Health

Washing Machines May Spread Drug-resistant Bacteria That Can Make You Sick

Washing Machines May Spread Drug-resistant Bacteria That Can Make You Sick

A superbug infection in a German hospital was traced to a household type washing machine. Doctors recommended washing at higher temperature or with efficient disinfectants to prevent transmission of pathogens. ( Steve Buissinne | Pixabay )

Washing machines are meant to clean clothes but a new study shows that the device may still harbor drug-resistant bacteria that can pose health risks.

Klebsiella Oxytoca

Doctors in Germany, for instance, think that a washing machine could have helped spread a superbug to newborns and children in a hospital.

According to a case report published in the Journal of Applied and Environmental Microbiology on Friday, a routine sweep at a children's hospital in Western Germany in 2012 found that newborns in the neonatal intensive care unit were carrying a strain of bacteria called Klebsiella oxytoca. The drug resistant bug was also found in a child housed in a pediatric ward.

At least 14 children were eventually found carrying the superbug. The bacteria did not cause any sickness but is known to cause pneumonia, urinary tract infection and wound infections, particularly in individuals with weakened immune systems.

Source Of Infection Traced To Washing Machine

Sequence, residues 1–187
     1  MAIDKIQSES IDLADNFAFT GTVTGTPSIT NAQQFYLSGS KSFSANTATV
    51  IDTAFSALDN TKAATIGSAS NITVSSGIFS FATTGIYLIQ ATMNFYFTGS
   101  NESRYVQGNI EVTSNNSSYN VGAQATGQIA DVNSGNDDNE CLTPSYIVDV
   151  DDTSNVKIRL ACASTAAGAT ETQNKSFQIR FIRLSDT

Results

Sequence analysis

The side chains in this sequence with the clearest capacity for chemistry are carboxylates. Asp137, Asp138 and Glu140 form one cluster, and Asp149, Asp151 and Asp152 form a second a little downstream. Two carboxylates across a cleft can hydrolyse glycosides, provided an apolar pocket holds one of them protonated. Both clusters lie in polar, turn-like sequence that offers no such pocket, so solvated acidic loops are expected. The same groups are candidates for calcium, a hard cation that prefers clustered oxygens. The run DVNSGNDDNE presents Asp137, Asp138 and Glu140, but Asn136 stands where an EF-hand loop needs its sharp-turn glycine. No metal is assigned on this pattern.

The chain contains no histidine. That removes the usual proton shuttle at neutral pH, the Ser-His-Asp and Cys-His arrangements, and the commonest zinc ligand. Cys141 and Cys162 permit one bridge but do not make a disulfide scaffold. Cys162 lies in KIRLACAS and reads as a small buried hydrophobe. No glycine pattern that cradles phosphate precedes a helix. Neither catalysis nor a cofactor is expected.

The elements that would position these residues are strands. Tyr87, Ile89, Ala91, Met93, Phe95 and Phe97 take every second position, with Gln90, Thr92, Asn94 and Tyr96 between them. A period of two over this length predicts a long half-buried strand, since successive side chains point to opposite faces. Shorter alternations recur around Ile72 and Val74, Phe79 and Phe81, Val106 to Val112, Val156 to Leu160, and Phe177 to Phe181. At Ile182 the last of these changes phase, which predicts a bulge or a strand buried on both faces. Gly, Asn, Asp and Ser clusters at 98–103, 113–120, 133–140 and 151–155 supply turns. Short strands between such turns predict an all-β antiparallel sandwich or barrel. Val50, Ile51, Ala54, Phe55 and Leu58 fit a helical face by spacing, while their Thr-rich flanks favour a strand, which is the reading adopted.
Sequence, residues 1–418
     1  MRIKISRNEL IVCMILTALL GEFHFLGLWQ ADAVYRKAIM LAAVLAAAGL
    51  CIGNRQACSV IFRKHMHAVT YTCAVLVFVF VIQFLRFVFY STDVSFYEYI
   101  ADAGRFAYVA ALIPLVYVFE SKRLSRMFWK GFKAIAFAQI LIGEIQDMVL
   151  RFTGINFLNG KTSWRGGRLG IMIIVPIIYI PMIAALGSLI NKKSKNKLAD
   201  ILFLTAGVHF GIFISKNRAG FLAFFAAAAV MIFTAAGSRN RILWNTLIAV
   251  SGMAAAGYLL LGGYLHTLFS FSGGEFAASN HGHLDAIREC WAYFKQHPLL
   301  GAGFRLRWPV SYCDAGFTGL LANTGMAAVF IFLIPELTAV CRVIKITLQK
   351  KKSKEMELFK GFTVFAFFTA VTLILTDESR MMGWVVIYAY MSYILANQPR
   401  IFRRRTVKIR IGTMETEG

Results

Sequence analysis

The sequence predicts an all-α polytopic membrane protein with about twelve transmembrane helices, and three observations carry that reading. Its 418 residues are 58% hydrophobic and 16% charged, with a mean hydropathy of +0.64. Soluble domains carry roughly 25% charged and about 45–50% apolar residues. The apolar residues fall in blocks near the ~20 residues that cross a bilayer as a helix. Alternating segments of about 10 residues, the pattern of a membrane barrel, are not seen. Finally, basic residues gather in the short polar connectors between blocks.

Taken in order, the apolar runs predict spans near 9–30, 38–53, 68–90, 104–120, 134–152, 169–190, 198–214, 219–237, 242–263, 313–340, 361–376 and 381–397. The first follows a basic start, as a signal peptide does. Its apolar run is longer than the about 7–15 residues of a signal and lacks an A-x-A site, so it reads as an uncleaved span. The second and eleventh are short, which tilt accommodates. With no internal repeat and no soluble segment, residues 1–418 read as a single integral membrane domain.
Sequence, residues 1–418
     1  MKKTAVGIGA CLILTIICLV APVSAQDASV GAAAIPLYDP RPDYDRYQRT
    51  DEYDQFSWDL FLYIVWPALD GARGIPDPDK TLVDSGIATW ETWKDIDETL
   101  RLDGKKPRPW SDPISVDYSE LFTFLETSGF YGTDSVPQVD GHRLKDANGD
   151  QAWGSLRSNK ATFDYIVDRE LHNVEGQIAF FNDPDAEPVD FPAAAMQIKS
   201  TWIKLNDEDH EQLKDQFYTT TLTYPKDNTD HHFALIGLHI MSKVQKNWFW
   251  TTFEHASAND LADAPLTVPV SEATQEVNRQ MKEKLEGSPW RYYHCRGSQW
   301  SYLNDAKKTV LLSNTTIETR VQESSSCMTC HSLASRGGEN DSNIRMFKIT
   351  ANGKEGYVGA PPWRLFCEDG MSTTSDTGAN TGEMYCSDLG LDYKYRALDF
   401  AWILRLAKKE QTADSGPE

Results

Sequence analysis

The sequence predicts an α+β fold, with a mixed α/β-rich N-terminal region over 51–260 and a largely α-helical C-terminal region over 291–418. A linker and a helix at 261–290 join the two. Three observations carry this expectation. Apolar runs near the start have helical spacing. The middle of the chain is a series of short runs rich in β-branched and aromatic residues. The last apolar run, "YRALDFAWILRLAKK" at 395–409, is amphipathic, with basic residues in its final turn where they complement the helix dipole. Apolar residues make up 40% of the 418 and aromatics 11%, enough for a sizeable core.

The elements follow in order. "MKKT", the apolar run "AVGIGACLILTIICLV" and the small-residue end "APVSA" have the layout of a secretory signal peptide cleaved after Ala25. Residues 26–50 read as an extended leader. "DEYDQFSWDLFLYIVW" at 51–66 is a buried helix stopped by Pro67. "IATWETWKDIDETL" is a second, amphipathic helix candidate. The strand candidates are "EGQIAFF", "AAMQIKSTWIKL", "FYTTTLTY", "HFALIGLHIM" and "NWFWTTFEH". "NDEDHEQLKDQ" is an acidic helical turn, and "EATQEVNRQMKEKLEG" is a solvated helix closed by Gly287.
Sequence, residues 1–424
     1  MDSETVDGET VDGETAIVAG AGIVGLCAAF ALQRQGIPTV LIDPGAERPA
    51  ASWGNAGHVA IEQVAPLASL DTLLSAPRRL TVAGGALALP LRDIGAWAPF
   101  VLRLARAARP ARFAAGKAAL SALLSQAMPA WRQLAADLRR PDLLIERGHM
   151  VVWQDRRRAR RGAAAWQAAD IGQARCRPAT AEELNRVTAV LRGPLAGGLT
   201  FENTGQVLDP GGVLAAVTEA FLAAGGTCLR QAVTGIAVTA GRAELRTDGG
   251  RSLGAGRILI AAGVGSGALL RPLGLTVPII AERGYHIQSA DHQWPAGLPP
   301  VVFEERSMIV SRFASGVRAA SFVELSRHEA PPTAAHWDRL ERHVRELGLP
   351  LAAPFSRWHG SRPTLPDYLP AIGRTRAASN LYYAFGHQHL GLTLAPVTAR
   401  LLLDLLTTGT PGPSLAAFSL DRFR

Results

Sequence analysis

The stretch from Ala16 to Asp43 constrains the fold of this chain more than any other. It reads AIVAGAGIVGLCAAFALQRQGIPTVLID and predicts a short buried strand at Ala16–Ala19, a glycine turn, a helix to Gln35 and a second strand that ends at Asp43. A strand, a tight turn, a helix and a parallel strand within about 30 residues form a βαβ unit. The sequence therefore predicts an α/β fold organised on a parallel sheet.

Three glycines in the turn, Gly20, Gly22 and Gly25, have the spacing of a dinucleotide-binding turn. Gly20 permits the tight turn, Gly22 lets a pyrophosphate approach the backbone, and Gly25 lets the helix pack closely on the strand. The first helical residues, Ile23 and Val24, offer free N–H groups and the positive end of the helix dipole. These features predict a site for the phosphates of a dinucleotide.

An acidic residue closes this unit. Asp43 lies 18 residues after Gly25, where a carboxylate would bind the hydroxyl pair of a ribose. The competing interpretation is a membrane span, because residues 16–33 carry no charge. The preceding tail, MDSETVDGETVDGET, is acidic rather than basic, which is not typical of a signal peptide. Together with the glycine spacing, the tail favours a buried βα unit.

To find out the source of infection, doctors conducted an investigation. They initially thought the superbug was passed from health care workers or the mothers of the newborns, but they eventually traced the source to a household type washing machine used in the hospital.

Hospitals normally use special washing machines and laundry processes that involve washing at high temperature and with disinfectants.

"This is a highly unusual case for a hospital, in that it involved a household type washing machine," commented study researcher Ricarda Schmithausen, from the Institute for Hygiene and Public Health at the University Hospital Bonn, Venusberg-Campus.

Samples from the washer's detergent compartment and rubber door seal tested positive for the bacteria. The transmission stopped when the washing machine was removed from the hospital.

How To Prevent Spread Of Pathogens When Using Washing Machines

The findings have important implications on the kind of washing machine that hospitals should use.

"The use of professional washing machines and the routine check with a temperature logger is an urgent requirement,"Schmithausen and colleagues wrote.

People using household laundry machines also need to take precautions especially when they do laundry for susceptible people. They recommended washing at higher temperature or with efficient disinfectants to prevent transmission of pathogens.